Police and immigration given powers to demand to see identification
Police and immigration officers will be able to stop Britons and demand they prove their identity under proposed sweeping new powers.
By Tom Whitehead, Home Affairs Editor
Last Updated: 10:33PM GMT 02 Dec 2008
Shadow Immigration Minister, Damian Green: “This scheme will do nothing to improve our security.” Photo: ANDREW CROWLEY
Clauses in the draft Immigration and Citizenship Bill give state officials the power to make anyone who has ever entered the country, at any time, prove who they are without needing any suspicion of a potential crime.
Civil liberty groups warned that the catch-all clauses would effectively cover any British citizen who has ever left the UK, even for a holiday, because they will have “entered” the UK on their return.
Refusing to hand over the necessary documents would be a criminal offence with a maximum penalty of almost a year in prison and/or a hefty fine.
Officers will also be able to hold someone until they meet the requirements and can even demand a medical examination, although that will be more targeted at foreign nationals arriving from countries with high health risks of contagious diseases.
Critics said the move would see a return to war-time Britain where citizens had to carry their “papers” with them and accused the Government of bringing in compulsory ID cards by the back door.
Phil Booth, national coordinator of the NO2ID campaign, said: “We have not had any sort of law like this outside of war time.
“In practice it will be impossible to determine who has or has not entered the UK and therefore this applies to anyone in the UK.”
Liberal Democrat home affairs spokesman Chris Huhne added: “This is potentially a catch-all power which would allow the police or the officials to arrest and hold anyone who was unable to prove their own identity.
“The Government has always promised that it would never introduce such a draconian intrusion into our daily lives.”
The clauses in the Bill, contained in the Queen's Speech, were unearthed by civil rights group Liberty and centre on a power to examine those who “arrive in, enter or seek to enter the UK”.
A sub-clause refers to anyone who “has entered the UK” and can therefore mean anyone who has entered either recently or in the past.
It means police or immigration officers would have the power to stop anyone, either at a port of entry or inside the country, and demand their identity purely on the basis they may have entered the UK at some point.
Clause 28 gives the power to require the production of a passport or other valid identity document.
A Liberty spokeswoman said: “This extends powers of examination to several new categories including anyone in the UK (whether a British citizen or not) who has ever left the UK at any time. ”
Currently, police or immigration officers can ask for identity if there is reasonable suspicion of a crime or immigration offence.
The Liberty spokeswoman added: “Clause 28(3) dramatically changes this premise allowing identity documents to be demanded of anyone that has at any time entered the UK by anyone authorised by the Secretary of State. No suspicion of criminality or immigration offending is required.”
She said it went “far beyond” what is reasonable for immigration control, adding: “We believe that the catch-all remit of this power is disproportionate and that its enactment would not only damage community relations but would represent a fundamental shift in the relationship between the State and those present in the UK.”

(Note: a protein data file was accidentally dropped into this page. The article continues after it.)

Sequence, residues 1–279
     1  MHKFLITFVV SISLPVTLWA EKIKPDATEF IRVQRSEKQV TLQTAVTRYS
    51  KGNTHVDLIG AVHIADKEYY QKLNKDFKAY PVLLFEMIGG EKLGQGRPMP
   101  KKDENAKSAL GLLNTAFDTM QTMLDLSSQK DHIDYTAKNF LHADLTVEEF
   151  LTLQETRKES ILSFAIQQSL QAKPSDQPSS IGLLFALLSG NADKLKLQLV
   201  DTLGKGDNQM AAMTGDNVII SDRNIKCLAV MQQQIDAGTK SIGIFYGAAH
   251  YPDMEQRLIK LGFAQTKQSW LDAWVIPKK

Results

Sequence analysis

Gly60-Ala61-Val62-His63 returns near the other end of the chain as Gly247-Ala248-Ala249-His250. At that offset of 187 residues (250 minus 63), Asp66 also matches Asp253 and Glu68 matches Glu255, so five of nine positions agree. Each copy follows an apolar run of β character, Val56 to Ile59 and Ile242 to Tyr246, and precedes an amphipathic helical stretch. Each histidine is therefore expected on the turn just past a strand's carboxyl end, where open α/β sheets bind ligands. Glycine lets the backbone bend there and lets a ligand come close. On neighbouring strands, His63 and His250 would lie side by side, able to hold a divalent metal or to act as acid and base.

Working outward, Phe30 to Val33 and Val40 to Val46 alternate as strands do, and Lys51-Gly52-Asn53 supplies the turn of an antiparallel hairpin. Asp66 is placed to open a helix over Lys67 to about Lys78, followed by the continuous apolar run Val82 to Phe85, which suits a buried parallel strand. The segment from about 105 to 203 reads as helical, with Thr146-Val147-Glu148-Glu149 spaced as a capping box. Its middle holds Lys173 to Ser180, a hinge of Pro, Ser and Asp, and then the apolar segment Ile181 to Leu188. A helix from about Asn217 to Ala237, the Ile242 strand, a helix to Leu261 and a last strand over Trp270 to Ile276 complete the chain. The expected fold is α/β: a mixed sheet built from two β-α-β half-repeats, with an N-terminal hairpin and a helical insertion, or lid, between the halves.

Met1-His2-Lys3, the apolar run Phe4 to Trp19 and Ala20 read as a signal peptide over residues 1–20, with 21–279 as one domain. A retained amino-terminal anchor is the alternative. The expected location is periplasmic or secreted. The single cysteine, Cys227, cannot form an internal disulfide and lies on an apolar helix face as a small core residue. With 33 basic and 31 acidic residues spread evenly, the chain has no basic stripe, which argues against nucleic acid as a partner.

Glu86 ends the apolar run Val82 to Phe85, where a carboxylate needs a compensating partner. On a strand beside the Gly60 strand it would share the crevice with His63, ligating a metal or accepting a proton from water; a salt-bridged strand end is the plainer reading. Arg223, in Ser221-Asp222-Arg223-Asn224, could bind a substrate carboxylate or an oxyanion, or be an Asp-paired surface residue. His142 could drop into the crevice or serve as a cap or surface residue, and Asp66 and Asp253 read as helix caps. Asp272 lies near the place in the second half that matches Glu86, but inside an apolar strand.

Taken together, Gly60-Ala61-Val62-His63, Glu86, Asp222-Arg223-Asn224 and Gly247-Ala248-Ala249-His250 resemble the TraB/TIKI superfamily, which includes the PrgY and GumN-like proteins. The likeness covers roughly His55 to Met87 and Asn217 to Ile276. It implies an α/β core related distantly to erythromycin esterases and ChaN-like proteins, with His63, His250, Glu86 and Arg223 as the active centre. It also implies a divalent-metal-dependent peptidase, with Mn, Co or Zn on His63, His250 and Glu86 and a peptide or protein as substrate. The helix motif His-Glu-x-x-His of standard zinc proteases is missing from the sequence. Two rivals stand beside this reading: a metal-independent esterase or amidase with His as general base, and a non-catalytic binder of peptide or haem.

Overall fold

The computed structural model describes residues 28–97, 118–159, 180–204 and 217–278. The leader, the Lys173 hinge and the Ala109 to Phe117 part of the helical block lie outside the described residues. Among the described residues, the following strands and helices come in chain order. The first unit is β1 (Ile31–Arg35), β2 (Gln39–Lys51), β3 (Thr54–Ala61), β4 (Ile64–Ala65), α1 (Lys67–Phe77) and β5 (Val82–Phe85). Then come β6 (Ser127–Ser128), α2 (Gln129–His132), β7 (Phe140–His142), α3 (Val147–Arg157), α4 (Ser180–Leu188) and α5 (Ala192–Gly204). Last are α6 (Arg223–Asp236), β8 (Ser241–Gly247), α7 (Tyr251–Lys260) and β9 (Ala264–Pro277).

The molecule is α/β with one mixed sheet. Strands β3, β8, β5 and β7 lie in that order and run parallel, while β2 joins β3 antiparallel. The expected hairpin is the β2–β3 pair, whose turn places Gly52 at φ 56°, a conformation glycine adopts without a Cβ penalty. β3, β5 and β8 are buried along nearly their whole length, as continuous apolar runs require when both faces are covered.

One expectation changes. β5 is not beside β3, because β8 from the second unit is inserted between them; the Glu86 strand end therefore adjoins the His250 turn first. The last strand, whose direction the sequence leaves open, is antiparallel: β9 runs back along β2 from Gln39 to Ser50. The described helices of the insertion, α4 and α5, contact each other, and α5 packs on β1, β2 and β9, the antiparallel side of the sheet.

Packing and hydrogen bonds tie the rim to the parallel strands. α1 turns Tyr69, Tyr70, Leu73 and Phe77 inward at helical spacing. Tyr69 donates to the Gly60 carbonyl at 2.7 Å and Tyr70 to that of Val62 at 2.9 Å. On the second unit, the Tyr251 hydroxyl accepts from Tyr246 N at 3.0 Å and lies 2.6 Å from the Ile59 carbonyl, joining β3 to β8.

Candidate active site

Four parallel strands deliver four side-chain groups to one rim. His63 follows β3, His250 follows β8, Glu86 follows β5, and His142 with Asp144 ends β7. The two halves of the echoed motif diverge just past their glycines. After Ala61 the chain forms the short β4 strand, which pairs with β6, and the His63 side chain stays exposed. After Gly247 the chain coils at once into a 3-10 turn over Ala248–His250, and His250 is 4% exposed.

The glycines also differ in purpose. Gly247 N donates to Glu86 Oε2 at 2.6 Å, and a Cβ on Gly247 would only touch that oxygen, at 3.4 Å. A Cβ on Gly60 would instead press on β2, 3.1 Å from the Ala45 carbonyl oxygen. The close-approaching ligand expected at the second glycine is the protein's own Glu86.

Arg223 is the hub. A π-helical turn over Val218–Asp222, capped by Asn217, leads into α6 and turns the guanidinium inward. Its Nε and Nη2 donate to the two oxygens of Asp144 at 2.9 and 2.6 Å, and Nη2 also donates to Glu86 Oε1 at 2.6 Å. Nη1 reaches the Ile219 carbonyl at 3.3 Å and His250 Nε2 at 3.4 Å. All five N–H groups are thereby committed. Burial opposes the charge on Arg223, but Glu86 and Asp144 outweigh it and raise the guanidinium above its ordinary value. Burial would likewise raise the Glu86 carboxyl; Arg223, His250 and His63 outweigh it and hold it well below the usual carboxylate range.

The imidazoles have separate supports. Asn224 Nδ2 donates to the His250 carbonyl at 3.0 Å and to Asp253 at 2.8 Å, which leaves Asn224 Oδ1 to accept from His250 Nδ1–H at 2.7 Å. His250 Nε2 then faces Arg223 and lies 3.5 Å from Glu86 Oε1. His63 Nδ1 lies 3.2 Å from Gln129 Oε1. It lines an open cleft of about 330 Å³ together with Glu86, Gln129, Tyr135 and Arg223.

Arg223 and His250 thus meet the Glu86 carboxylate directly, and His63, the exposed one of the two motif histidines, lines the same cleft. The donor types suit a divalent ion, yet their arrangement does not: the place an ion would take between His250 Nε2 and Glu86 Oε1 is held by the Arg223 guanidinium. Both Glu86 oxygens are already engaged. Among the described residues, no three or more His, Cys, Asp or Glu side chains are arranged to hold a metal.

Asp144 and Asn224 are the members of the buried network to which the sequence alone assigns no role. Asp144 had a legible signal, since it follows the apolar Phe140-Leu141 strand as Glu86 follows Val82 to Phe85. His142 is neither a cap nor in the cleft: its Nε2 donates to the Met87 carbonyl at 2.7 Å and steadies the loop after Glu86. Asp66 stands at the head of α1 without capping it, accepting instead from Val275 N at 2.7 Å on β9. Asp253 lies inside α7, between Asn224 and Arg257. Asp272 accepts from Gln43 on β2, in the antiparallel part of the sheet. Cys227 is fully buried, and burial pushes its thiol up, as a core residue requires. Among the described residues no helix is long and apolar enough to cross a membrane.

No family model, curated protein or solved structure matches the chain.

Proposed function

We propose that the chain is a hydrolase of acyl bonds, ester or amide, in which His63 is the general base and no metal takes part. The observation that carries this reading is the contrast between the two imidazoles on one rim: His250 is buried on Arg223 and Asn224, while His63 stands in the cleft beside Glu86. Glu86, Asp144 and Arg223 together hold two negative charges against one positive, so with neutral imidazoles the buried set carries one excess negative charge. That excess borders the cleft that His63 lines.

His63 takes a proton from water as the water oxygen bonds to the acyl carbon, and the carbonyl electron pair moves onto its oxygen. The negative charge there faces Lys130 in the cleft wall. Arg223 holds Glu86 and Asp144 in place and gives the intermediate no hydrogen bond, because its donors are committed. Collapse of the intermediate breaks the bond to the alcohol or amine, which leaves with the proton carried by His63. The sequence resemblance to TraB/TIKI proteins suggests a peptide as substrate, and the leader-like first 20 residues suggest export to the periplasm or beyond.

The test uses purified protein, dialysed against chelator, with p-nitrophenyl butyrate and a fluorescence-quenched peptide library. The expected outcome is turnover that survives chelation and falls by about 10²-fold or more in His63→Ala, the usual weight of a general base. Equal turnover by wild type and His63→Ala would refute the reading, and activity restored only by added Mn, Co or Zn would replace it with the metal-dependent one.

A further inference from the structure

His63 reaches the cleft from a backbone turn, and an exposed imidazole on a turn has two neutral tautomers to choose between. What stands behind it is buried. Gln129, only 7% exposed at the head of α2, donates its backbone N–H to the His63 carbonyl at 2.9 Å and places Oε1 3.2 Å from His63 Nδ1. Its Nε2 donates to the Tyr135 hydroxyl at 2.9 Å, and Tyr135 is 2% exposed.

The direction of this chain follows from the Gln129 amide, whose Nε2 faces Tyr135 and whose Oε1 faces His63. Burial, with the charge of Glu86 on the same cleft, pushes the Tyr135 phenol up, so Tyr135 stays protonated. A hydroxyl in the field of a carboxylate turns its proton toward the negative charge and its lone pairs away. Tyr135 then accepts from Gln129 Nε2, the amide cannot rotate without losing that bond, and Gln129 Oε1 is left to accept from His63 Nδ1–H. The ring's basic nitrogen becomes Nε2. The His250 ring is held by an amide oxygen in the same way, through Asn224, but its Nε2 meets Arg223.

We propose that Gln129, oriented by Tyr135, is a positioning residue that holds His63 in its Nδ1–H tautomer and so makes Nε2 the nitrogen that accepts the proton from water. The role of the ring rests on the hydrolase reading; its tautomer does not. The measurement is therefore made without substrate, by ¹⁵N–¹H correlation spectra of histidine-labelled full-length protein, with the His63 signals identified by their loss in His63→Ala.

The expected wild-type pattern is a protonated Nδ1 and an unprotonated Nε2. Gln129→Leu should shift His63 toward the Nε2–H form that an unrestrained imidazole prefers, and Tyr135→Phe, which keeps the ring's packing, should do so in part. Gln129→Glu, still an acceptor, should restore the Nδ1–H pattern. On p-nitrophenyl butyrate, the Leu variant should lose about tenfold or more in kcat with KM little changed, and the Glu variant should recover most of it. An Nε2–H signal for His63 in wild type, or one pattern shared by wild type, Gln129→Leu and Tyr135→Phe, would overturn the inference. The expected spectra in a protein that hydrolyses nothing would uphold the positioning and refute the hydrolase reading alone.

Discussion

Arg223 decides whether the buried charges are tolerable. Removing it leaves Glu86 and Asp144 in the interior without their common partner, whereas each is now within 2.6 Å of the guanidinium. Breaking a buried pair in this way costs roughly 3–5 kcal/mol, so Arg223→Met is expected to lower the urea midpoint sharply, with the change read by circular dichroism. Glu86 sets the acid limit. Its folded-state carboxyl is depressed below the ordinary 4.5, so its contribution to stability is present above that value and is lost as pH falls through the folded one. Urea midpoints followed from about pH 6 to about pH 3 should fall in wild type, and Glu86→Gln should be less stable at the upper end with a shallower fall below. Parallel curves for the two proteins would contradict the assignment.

Around eight in ten UK citizens have a passport and the majority of those will have left the country at some point and therefore have “entered” again.
The clauses are in the draft bill to be put forward in the Queen's Speech.
They say refusal to submit to demands for identification would be a criminal offence that carries a maximum penalty of no more than 51 weeks in prison and or a 5,000.
The Government is currently rolling out the controversial ID cards programme for both foreign nationals and Britons but has insisted it will not be compulsory for Britons to carry the cards.
But Liberty Director Shami Chakrabarti said: “Sneaking in compulsory identity cards via the back door of immigration law is a cynical escalation of this expensive and intrusive scheme.
Shadow Immigration Minister, Damian Green, added “This scheme will do nothing to improve our security, may make it worse, and will certainly land the tax-payer with a multi-million pound bill.
“Labour should be concentrating their efforts on things that will actually improve our security, like a dedicated UK Border police force, instead of trying to introduce ID cards through the back door.
“Now more than ever the issue of our basic freedoms is very important.”
A Home Office spokeswoman insisted there were no plans to make it compulsory for British citizens to carry or produce forms of identity.
She said: “It is simply wrong to claim there are any plans whatsoever to make identity cards compulsory for British citizens or to require British citizens to have their ID card or any other form of ID on them at all times and to present it when asked to do so.
“From next year British citizens will have the convenience of being able to use identity cards to travel in Europe, but they will not become the only way to prove your identity at borders and the UK passport will still be valid.
“In order to maintain an effective immigration control it is only right that we ask everyone attempting to enter to the UK to produce a valid identity document.”
But Mr Booth said it was “appallingly-drafted legislation”, adding: “They have got to the point that we must take the worst possible implication of the legislation.”